As we have seen, some people in antiquity sought to reject the myths. The myths, they argued, required people to believe in fantastic animals and feats of strength that defied reason. Some objected strongly to the immorality of myths about gods committing what in the mortal world would be considered crimes. But in the end, I believe, what caused people to abandon the traditional mythology was not the many fantasies it contains, but rather its ultimate realism: the myths show a world full of evil forces, unpredictable change, difficult conditions, and inevitable death and defeat. By contrast, other religions offered security, and a promise of redemption and reward both in this life and after death. Isis appears to come when Lucius calls on her. She claims that she is called by many different names: in Phrygia she is the Mother of the Gods, in Athens Minerva, in Cyprus Venus, and so on (Apuleius, Metamorphoses 11.5.2-3). An ancient Egyptian would not be surprised if one god assumed the identity of another. But to an ancient Greek or Roman, such a statement would be remarkable: by saying that she is in reality all the other goddesses, she removes much of the uncertainty presented by a world occupied by many competing divinities. She offers a control and security that the traditional religion, in all its diversity, simply could not provide. She has a plan, and oversees mortal existence; she communicates consistent instructions through her dreams and her priests. All Lucius needs to do is follow her orders, or those of her priests, and he will have a happy life in this world and be a king among the dead in the Elysian Fields (ii.6.6). Lucius appears to be satisfied with this new existence, which contrasts so vividly with the life he has led before his metamorphosis. But as Apuleius tells the story, we are left wondering if this security, this antidote to the traditional religion, is not itself an illusion.
In contrast with the structured existence described in the last book of Apuleius's Metamorphoses, the world portrayed in the traditional myths is full of uncertainties and surprises. It is assumed that no mortal can avoid suffering, that any human being is continually at the mercy of forces beyond his or her control, and that the dead (even the great heroes of the past) lead a shadowy existence in the underworld. The gods in the traditional myths can suddenly bring evil into human life, even if they have previously been favorably inclined. It may seem strange to those of us who have been raised in one of the great monotheistic traditions to have gods who can be both beneficent and hostile, and who can work at cross-purposes as well as in concert. But the ancient Greek understanding of divinity has the great advantage of allowing mortals to display their humanity: in the face of the implacable rage of Dionysus at the end of Euripides' Bacchae, Cadmus and his daughter Agave reach out and comfort each other; at the end of the Iliad Achilles tells Priam about the two jars on Zeus's threshold, from which men can draw either a mixture of good and evil, or all evil, in their lives. But a god that is all good, like Isis, takes away from humans the best qualities of their humanity, and arrogates them to herself: 'I am here because I pity your sufferings; I am here bestowing favor, and with blessings' (11.5.4).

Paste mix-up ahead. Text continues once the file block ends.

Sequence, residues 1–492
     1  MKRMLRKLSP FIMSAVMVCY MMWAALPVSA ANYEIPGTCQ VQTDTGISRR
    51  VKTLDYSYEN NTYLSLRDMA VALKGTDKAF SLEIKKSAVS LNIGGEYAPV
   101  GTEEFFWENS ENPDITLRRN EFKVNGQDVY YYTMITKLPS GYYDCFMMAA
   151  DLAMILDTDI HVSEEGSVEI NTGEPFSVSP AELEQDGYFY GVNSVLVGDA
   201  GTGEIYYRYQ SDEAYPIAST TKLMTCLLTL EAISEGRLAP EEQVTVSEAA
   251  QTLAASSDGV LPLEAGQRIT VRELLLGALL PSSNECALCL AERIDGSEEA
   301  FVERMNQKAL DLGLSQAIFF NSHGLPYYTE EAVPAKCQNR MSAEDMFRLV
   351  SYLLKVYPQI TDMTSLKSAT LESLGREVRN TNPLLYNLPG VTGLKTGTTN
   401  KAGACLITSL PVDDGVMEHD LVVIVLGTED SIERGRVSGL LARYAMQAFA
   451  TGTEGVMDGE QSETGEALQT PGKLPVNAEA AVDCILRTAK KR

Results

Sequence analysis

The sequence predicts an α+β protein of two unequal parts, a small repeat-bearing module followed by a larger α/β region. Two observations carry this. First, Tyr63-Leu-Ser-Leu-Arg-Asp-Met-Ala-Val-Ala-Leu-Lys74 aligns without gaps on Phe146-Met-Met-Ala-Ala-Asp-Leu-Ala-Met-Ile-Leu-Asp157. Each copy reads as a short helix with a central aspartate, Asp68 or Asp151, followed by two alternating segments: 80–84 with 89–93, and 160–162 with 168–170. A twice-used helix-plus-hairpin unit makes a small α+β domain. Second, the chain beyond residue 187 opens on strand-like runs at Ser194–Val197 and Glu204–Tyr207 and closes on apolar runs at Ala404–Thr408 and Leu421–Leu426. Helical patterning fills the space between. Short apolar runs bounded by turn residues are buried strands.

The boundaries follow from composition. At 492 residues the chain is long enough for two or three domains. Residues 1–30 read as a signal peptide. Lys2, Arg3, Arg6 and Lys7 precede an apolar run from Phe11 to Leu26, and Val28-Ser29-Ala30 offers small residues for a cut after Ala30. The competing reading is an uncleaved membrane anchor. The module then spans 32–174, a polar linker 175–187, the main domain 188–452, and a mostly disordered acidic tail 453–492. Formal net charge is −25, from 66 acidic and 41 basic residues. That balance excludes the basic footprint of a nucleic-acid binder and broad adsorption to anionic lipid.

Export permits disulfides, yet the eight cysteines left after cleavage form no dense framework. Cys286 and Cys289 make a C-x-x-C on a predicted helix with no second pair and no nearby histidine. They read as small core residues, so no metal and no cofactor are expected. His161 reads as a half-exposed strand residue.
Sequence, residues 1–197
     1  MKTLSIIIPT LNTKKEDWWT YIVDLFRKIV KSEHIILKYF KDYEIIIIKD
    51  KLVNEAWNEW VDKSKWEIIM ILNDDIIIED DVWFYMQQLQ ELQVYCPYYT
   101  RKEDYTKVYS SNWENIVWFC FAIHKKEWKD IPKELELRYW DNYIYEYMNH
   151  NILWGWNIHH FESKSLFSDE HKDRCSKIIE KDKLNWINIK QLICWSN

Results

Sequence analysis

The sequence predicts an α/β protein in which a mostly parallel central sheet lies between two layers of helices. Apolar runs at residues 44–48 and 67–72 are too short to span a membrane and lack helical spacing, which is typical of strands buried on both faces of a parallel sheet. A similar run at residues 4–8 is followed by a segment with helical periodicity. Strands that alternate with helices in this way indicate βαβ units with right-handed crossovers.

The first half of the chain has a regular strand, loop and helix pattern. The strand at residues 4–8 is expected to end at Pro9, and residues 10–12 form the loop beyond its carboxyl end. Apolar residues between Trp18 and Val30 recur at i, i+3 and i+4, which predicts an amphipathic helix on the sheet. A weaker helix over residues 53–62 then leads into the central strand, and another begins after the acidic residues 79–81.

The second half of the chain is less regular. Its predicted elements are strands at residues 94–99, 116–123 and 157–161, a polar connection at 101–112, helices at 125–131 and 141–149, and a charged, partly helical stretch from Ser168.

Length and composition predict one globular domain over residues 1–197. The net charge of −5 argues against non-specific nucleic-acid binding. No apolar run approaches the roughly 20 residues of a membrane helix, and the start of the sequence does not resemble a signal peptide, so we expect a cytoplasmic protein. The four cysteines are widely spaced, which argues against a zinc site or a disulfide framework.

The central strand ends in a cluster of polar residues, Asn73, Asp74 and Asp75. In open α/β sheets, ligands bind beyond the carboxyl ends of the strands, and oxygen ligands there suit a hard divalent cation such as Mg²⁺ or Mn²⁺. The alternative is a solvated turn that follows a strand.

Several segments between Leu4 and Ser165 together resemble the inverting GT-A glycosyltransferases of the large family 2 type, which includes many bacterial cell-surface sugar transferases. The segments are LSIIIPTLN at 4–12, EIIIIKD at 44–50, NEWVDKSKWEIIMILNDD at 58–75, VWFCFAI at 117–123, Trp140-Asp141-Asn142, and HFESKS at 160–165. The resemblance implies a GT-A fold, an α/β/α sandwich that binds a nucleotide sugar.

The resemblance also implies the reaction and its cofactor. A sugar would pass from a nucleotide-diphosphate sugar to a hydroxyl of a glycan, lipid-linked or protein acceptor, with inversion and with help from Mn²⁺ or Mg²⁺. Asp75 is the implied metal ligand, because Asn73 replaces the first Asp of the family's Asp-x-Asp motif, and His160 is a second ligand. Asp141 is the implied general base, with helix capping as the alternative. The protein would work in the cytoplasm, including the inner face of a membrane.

The traditional myths provide, with their combination of realism and fantasy, a way to understand why it is that disasters will strike, often when we are least expecting them, or that great prosperity cannot last, especially if it is acquired through dishonest means, or that we will not always see justice done in our life-times. This way of looking at the world made sense in the eighth century B.C. and the second century A.D. Despite the doubts about the gods expressed by the philosophers and by poets like Ovid, the old traditions continued to be observed. The Greeks and Romans used the myths as a means of understanding how the world worked, and the place of human beings in a universe that was created neither for nor by themselves. Homer was read everywhere in the Greek-speaking world and was still used as a guide for religious observance in the early centuries A.D.